Daily Media Briefing

Daily Media Briefing


Posted in: Climate Change, Corporate Reputation, Daily Media Briefing, Employees, Energy, Policy & Research

Top Stories

April 04, 2018

Gender Pay Gap

UK government issues final warning to firms to report gender pay gap by midnight

The UK government has issued a final warning to businesses to report their gender pay gap by midnight as it emerged that the Conservative party did not plan to voluntarily file its own figures until a day after the deadline. Amber Rudd, minister for women and equalities and home secretary, said there was no excuse for businesses not to be transparent as the deadline approached and warned them that refusing to report was breaking the law. Public sector organisations, including government departments, schools, universities and hospitals, must report by 30 March every year. This year 97% did so on time. Action the Equality and Human Rights Commission can bring against companies who fail to comply with the midnight deadline on the 4th of April 2018 include court orders and unlimited fines. (Guardian)

Corporate Reputation

Citigroup and Goldman face shareholder pressure on lobbying

Citigroup and Goldman, two top Wall Street banks, are facing pressure from shareholders to say more about their lobbying of public officials, amid persistent concern over “dark money” spending within Washington D.C. At Citigroup’s annual meetings investors will vote on a proposal from CtW Investment Group for the bank to provide an annual report on its lobbying activities – this report would break down payments for direct lobbying and those for indirect lobbying through trade associations. Similarly, a resolution filed against Goldman Sachs by the Unitarian Universalist Association, the Benedictine Sisters of Monasterio Pan de Vida and the Missionary Oblates of Mary Immaculate, requests more information on the bank’s lobbying policies and payments. Both Citi and Goldman disclose total figures for federal lobbying, but neither provides detail on state-level lobbying nor their memberships of trade associations, which spend tens of millions of dollars each year to shape public policy. (Financial Times*)


Facebook purges more than 200 Russian-controlled accounts

Facebook has announced that it removed more than 200 Facebook pages and Instagram accounts controlled by the Internet Research Agency (IRA), the Russian organisation that meddled in the US 2016 presidential election. The majority-Russian-language pages and accounts mostly targeted Russians, Ukrainians and other former Soviet states, and had amassed roughly 1.5 million followers across Facebook and its Instagram unit. Facebook said it removed the accounts and pages because the Internet Research Agency has lied about its identity in creating accounts, including some that appeared to be American around the election. Facebook’s chief security officer Alex Stamos has said in a blog post that the content of the majority-Russian accounts was not problematic and included entertainment and posts praising Russian President Vladimir Putin and the beauty of Russian cities. The IRA accounts also spent around $167,000 on Facebook and Instagram ads since January 2015, according to Stamos’s blog post. (The Washington Post)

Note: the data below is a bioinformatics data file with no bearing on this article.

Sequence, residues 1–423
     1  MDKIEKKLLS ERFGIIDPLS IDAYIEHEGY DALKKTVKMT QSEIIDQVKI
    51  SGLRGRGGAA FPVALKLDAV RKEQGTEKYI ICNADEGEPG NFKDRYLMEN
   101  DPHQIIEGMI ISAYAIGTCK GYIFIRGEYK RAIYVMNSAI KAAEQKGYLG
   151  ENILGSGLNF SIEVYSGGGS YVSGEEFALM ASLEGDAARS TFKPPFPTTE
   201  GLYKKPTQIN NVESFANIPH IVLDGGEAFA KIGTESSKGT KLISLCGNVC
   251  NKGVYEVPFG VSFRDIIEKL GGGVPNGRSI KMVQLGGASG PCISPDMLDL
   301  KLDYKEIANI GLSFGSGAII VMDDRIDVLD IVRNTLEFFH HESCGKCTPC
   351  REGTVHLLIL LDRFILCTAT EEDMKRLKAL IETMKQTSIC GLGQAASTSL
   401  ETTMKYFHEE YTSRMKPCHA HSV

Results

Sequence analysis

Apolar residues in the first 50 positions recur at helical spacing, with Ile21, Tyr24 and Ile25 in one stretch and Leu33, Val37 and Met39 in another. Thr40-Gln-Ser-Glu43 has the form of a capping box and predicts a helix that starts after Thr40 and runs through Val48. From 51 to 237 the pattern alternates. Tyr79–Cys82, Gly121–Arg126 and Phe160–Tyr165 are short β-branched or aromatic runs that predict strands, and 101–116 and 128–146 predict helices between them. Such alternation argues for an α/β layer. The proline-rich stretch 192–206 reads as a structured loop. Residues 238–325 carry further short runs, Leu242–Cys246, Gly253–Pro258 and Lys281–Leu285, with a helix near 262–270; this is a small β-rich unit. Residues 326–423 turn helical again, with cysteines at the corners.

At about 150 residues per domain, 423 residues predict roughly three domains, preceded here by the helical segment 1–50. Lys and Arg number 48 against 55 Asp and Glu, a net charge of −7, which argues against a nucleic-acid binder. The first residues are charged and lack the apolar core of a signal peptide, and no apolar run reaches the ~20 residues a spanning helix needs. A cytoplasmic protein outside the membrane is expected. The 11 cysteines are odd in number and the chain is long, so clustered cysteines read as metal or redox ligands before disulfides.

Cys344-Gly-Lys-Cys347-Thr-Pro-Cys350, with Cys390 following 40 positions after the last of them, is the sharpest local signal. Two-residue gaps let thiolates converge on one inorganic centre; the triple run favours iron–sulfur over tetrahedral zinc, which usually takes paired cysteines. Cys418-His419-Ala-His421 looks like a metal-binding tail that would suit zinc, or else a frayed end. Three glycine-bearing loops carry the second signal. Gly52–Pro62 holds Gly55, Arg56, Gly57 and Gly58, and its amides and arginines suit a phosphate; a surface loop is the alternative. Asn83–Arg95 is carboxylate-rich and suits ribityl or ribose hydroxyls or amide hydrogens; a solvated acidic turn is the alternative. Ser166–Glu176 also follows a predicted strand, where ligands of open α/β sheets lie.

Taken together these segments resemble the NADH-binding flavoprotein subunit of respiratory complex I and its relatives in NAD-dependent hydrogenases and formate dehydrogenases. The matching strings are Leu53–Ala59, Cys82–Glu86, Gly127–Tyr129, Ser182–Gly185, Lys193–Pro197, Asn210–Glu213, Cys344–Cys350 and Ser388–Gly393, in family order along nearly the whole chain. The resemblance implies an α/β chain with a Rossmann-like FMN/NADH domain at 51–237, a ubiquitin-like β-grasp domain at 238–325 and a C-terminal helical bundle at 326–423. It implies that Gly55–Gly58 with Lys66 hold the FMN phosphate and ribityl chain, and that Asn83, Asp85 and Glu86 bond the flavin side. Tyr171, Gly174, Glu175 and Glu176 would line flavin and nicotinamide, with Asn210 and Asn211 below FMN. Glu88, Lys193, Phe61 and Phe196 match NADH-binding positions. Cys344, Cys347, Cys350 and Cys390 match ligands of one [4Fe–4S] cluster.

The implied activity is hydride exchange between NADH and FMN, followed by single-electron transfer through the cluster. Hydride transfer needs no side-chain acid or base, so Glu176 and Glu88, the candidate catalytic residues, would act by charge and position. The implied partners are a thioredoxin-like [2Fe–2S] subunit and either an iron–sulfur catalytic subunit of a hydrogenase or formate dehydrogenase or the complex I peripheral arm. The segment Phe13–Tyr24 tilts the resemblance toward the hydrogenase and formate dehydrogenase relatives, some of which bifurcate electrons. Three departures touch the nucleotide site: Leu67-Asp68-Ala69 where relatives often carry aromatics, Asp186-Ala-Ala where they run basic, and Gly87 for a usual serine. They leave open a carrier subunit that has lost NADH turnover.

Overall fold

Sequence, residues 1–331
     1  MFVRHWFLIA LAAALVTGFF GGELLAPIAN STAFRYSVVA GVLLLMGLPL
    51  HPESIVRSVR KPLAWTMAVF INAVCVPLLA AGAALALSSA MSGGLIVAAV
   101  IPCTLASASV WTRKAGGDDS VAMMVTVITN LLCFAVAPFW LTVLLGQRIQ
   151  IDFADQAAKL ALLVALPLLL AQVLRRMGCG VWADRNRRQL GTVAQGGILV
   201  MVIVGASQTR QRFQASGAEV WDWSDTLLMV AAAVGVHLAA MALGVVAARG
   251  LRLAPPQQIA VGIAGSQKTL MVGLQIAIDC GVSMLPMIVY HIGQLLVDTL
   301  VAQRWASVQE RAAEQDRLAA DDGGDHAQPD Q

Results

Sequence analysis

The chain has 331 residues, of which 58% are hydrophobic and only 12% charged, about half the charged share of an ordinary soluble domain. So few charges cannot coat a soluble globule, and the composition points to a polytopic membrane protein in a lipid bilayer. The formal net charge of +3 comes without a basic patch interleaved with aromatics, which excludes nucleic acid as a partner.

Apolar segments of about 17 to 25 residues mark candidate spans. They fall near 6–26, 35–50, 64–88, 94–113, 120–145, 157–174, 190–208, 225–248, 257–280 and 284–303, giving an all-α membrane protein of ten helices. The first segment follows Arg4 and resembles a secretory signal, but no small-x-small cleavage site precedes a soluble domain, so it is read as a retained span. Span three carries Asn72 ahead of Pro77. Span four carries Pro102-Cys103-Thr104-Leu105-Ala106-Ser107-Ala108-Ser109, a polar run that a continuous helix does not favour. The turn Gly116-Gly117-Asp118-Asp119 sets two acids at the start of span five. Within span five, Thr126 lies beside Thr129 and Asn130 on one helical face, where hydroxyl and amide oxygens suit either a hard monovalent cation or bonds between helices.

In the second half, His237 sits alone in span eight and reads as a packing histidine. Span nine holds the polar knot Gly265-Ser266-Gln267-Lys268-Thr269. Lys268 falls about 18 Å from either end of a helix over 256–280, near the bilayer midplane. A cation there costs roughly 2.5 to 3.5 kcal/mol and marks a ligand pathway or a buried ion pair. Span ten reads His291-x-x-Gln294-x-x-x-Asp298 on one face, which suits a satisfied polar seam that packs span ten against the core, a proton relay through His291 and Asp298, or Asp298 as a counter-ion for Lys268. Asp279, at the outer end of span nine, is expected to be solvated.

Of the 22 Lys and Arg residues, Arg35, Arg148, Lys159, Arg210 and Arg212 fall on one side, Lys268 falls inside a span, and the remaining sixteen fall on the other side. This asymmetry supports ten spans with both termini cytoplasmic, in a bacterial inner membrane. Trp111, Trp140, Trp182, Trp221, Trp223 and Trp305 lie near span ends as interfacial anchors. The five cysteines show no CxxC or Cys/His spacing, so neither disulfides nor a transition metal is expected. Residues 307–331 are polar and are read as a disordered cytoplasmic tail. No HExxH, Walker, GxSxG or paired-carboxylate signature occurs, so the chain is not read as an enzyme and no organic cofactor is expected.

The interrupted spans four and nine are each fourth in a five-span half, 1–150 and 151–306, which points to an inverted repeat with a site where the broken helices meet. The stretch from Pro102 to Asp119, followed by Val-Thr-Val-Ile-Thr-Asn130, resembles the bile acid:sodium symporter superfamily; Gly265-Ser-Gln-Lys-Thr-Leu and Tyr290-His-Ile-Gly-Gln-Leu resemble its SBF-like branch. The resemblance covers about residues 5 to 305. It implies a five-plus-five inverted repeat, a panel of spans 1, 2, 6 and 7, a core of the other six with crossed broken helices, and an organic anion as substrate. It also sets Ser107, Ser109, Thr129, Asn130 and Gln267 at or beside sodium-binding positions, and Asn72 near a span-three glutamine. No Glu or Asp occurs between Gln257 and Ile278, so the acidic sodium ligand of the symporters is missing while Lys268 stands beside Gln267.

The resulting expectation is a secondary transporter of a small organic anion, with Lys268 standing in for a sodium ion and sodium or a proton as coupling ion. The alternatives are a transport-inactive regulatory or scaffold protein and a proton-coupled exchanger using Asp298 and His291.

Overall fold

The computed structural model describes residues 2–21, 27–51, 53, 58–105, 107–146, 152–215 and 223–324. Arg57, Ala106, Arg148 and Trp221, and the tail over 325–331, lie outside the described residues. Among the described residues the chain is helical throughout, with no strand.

Climate Change

EU carbon market emissions increased in 2017, for the first time in 7 years

Emissions regulated under Europe’s carbon market rose for the first time in seven years in 2017 due to stronger industrial output according to data published by the European Commission. Around 45 percent of the European Union’s output of greenhouse gases is regulated by the Emissions Trading System (ETS), the bloc’s flagship policy to tackle global warming by charging for the right to emit carbon dioxide. According to analysts’ interpretations of the data emissions totalled 1.756 billion tonnes of CO2 equivalent in 2017 for companies under the ETS, excluding airlines, up 0.3 percent on the previous year. Capped emissions from power and heating generation fell by 1 percent, but the overall figure was lifted by a 1.8 percent rise in emissions from industry. Following a review of the preliminary data, and an estimated increase in emissions from aviation of 6.1 percent, analysts believe that total EU ETS emissions were 1.821 billion tonnes – up 0.5 percent year-on-year. (Reuters)


Saudi Arabia announces plans for $200 billion solar project

Saudi Arabia has announced plans to work with Japanese-based SoftBank to build a massive solar project in the desert, which could be worth up to $200 billion. The unprecedented project will vastly increase Saudi Arabia’s renewable energy capacity, which currently remains limited despite the country’s large supply of sunshine. The deal means up to 200 gigawatts (GW) of solar power could be built within the Kingdom by 2030, an amount which would vastly dwarf current projects with the largest solar farms to date being between 1-2GW. Saudi Arabia announced earlier in 2018 plans to expand renewable power by 4GW within the year, utilising a mixture of solar and wind farms, and have also signed a clean energy agreement with the UK to help share knowledge and expertise to accelerate their transition to a low-carbon economy. (Climate Action Programme)


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Image Source: Solar/sky by Mountain/ \Ash on Flickr. CC BY 2.0.